Wednesday, February 11, 2015

Turning Carbon Dioxide Into Rock, and Burying It

A drilling rig at the CarbFix site in Iceland, where researchers are testing whether gaseous carbon dioxide can be turned into rock as a way of keeping it out of the atmosphere. (Credit: Bara Kristinsdottir for The New York Times) Click to Enlarge.
A $10 million project called CarbFix is developing an alternative way to store some of the carbon dioxide emitted by power plants and industries.  When that carbon dioxide is released into the atmosphere, it traps heat, making it the biggest contributor to global warming.  So to help stave off the worst impacts of climate change, experts say, billions of tons of CO2 may have to be captured and stored underground.
[Conventional carbon capture and storage] projects operate roughly the same way: carbon dioxide gas, highly compressed so that it acts like a liquid, is injected into a formation, usually sandstone and often an old oil or gas field.  Impermeable rock layers above the storage zone should, in theory, keep the CO2 trapped indefinitely, but because the gas remains buoyant, there is a risk that it will move upward through cracks and eventually bubble back into the atmosphere.

The CarbFix project differs from this conventional approach by using water along with carbon dioxide, and by injecting them into volcanic rocks.  The technique is designed to exploit the ability of CO2 to react with the rocks and turn into solid minerals.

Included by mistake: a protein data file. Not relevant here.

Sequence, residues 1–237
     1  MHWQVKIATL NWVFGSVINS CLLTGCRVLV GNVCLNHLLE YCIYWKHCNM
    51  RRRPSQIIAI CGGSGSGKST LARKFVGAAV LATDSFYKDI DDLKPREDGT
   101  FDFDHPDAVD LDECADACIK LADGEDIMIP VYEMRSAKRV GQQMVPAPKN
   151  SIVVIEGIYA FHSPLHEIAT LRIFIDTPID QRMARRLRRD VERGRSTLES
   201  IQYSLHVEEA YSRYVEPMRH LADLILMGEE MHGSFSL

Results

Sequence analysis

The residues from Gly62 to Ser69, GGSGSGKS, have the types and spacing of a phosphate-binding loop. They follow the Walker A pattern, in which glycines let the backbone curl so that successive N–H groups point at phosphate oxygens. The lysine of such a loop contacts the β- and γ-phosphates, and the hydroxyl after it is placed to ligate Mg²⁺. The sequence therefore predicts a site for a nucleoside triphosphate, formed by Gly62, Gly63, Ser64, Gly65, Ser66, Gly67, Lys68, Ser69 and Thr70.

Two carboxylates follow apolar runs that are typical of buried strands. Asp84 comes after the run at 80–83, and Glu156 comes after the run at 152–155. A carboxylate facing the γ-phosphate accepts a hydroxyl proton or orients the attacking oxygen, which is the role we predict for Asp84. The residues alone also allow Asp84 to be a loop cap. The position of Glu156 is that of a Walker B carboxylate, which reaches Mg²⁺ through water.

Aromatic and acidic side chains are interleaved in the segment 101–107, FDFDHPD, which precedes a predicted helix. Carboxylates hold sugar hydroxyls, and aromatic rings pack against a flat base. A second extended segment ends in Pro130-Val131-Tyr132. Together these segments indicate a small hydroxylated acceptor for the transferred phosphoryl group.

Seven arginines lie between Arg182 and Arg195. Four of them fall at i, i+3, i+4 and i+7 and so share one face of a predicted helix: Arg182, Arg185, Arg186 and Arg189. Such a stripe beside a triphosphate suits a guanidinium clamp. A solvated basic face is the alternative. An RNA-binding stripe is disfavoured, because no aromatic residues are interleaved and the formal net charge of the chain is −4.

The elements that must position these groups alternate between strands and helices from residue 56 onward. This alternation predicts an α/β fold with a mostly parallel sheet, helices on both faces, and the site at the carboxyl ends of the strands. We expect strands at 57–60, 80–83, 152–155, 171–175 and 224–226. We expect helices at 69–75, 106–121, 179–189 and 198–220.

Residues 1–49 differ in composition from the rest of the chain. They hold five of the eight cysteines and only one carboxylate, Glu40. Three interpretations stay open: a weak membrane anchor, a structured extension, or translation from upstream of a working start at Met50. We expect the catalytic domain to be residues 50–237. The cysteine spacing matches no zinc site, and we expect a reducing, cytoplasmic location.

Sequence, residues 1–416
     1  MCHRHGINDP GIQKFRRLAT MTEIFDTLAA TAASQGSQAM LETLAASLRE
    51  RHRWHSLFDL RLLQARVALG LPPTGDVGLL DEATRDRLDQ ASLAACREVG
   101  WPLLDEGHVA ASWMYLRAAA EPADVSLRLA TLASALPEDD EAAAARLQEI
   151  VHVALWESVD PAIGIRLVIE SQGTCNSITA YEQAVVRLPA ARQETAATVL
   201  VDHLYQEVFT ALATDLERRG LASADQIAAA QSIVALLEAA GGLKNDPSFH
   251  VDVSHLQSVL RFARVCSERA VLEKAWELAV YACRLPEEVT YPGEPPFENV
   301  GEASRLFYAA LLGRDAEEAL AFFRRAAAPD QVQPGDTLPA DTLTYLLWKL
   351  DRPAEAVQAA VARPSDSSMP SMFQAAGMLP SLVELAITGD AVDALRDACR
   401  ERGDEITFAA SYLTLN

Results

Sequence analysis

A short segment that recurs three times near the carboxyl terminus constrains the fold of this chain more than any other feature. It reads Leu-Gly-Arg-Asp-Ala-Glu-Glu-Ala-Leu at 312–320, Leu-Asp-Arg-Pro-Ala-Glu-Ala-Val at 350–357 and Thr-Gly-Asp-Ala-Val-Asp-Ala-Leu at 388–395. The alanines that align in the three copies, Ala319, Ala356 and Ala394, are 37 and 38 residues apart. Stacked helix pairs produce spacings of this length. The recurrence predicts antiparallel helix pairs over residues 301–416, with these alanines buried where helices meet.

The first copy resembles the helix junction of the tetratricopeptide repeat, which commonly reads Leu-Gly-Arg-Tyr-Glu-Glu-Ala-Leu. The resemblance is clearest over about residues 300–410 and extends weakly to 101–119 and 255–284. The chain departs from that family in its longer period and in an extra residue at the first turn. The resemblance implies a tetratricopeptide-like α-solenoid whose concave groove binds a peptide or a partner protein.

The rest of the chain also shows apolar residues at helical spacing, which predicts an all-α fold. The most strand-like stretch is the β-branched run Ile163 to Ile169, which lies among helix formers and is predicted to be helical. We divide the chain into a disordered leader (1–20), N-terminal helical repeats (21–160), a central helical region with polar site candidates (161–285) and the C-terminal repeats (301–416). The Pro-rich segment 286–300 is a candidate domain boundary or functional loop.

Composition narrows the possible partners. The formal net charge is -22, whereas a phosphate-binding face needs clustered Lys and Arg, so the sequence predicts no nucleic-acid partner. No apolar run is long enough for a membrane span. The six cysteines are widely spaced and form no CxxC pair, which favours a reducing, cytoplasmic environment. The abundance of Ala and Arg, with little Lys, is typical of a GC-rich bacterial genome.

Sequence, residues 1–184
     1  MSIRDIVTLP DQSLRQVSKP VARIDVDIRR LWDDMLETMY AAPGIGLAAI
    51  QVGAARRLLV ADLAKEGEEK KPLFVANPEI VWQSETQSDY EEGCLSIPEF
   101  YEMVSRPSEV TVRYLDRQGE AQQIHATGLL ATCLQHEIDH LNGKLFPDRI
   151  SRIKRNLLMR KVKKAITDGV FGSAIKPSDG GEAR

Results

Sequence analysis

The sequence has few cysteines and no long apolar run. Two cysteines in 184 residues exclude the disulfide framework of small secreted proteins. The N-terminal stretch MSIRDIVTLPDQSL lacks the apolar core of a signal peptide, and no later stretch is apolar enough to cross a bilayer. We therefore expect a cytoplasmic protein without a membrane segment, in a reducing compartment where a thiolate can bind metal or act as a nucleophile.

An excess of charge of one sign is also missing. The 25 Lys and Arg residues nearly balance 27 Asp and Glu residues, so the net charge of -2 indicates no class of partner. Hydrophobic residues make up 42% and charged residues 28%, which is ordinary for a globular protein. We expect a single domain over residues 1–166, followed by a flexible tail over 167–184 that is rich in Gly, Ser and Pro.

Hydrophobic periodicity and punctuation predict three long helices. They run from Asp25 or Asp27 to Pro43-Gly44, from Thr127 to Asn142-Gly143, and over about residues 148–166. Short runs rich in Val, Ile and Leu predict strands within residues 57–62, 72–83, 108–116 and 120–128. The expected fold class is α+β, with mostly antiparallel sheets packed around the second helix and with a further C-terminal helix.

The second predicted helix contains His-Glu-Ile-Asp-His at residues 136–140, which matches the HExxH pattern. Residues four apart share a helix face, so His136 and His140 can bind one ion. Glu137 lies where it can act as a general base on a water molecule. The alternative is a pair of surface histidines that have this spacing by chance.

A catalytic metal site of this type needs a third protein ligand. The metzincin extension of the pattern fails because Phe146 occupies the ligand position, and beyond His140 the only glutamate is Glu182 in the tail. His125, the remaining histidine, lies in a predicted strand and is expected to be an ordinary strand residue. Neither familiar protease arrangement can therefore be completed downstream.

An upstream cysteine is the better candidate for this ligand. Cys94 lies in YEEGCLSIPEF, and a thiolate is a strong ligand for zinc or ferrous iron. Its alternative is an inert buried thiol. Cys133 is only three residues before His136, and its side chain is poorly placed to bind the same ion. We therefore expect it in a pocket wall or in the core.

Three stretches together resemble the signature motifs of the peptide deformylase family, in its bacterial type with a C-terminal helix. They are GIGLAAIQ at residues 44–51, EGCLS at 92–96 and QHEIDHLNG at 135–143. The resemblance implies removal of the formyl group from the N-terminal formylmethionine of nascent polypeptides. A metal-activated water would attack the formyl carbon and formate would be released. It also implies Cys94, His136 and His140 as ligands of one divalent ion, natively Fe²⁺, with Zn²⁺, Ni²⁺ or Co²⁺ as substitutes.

But whether the approach will prove to be commercially viable and lead to wider adoption of carbon storage, particularly on the huge scale that will be required to help stem the forces of climate change, remains uncertain.
Mineral carbonation can occur in many kinds of rock, but often it is extremely slow. The CarbFix approach accelerates the process by injecting into basalt, a very reactive rock. ...

Large basalt deposits are found in other locales, including the Pacific Northwest in the United States.  There, at a site in the Columbia River basin near Wallula, Wash., a similar test project — the only other one in the world — is also in an analysis phase, having completed the injection of 1,000 tons of carbon dioxide in 2013.

The project, a partnership of several companies and Battelle Memorial Institute, a nonprofit research and development organization that operates the Pacific Northwest National Laboratory, might best be described as a hybrid between conventional CO2 storage and the CarbFix approach.

Only carbon dioxide is injected, said Pete McGrail, a research fellow at the laboratory who leads the project.  That helps to keep costs in line with conventional CO2 storage.  And the basalt has dense, impermeable layers that keep the buoyant gas contained.

But because basalt is so reactive, after a relatively short time — a matter of years, not centuries — most of the CO2 should be mineralized, making long-term monitoring unnecessary.  (With the CarbFix process, once the CO2 is dissolved in water, it is no longer buoyant, so there is no need for an impermeable layer.)

Read more at Turning Carbon Dioxide Into Rock, and Burying It

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